Depths of the Phantom Library:
Jacques Bonnet Reaches for the Unreachable.
Jacques Bonnet writes in, Phantoms on the Bookshelves, of a vast library. No, not the Borgesian library of “The Library of Babel” or “The Book of Sand,” but a personal library he has collected for his own use – some 40,000 + volumes. Massive. I am a fan generally of books describing avid readers and collectors (though I am mostly of the first type) – books such as that fabulous pair of titles by Nicholas A. Basbanes, A Gentle Madness and Patience & Fortitude.
I have been recently rereading Jacques Bonnet’s book. In my progress through that book, I also found this essay/review piece of writing by Alonzo McBride called, “Phantoms and Personal Libraries,” which made stylistic sense to me and by acknowledging the metaphor of books and libraries as phantoms, I thought it perfectly appropriate to bring to light the essay and the book again. In a previous post of mine, I mentioned a quote setting up Bonnet’s premise of the blurred line between what makes a personal library and an institutional library.
The quote is, ““…to return to the library. Once it has been established, it [the library] tends to become an unavoidable transit zone for reality, a sort of vortex that sucks in everything that happens to us” (100).
The library is a cultural heritage space as much as it is a personal heritage space. Sometimes these spaces are the same in space and sometimes they are not. The focus for Jacques Bonnet’s book is the personal library as memory collector for his own life. Even with that “narrow” focus, the book tackles nearly every issue institutional libraries must tackle except maybe ones related to archival technology such as finding aids or physical handling best practices, code such as XML and its publication on the web with CSS or anything having to do with web archiving. Bonnet certainly brings up the internet as it relates to text encoding, information searching, book buying experiences and the like. And in this humble blogger’s opinion, all the above technical services could be extrapolated to take account of Bonnet’s collection. Or…he could reissue the book with all the ways be built a homegrown OPAC for his personal use. 😉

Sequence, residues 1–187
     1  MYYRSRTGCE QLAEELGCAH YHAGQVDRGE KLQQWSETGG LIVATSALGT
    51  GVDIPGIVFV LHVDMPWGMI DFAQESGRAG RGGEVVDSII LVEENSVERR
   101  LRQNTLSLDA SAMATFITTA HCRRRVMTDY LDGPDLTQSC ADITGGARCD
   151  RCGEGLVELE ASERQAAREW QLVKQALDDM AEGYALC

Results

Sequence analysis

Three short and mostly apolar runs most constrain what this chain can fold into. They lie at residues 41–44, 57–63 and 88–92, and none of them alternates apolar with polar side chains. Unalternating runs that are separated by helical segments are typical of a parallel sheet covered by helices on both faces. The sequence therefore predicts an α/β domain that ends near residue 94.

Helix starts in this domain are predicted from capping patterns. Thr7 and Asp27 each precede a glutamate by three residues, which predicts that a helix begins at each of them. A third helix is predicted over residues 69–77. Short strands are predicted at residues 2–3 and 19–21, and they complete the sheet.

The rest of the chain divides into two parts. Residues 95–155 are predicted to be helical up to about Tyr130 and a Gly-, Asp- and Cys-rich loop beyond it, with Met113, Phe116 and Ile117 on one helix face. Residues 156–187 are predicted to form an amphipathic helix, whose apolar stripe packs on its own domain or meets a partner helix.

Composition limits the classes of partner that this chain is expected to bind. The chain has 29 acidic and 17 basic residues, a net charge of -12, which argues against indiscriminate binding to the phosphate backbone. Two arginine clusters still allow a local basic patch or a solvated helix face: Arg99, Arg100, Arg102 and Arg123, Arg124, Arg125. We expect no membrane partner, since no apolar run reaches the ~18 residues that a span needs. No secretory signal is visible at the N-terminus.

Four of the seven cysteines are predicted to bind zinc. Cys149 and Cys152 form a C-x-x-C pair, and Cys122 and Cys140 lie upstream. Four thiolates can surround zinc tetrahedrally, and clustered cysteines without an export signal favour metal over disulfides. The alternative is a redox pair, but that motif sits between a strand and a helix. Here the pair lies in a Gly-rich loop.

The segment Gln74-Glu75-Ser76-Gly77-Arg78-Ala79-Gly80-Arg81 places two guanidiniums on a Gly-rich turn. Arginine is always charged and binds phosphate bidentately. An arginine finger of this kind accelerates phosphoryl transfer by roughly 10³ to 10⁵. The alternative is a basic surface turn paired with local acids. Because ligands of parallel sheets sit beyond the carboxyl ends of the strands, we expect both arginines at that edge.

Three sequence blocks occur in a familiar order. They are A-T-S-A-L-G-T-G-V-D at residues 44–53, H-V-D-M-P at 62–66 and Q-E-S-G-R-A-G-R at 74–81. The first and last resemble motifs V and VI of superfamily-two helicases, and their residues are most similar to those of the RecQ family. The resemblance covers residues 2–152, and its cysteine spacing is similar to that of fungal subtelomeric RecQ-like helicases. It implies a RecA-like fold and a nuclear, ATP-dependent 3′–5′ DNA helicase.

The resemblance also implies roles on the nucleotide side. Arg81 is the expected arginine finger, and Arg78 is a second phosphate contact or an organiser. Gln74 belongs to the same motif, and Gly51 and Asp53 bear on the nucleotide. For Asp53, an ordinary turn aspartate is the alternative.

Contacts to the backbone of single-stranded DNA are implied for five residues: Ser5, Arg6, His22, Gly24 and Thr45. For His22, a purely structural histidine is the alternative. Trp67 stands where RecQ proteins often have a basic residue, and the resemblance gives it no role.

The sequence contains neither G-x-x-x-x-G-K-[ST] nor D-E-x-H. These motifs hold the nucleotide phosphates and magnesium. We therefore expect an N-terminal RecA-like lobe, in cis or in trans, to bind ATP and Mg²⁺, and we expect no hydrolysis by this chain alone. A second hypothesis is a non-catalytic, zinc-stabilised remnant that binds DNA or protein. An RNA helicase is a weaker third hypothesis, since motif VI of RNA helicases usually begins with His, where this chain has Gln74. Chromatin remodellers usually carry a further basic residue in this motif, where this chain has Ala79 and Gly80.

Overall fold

Specifically, Bonnet discusses issues of categorization (the eternal question). He mentions the French OULIPO writer, Georges Perec, when he makes his “brave attempt at listing the possible methods of classifying one’s books: “alphabetically; by continent or country; by colour; by date of acquisition; by date of publication; by size; by genre; by literary period; by language; by frequency of consultation; by binding; by series” (37). One sees from this list how several of the categorization headings would be preferred by a person over an institution – “by date of acquisition” as the best example. Yet, even this category system applies to libraries that have a “recently arrived” or “new” section to encourage library users to catch up on what’s current. Except, even this classification does take into account the difference between newly acquired due to recent publication or newly acquired due to replacement for damage etc. Some of the other categories (which obviously fails to take into account anything like LC Classification or Universal Dewey) are well suited for research libraries – such as “by literary period” or even “binding” in a rare books special collection. The largest flaw, however, in Perec’s classification is the total lack of subject access (which has to be the single most challenging classification of them all) – though some of the other categories work with subject access.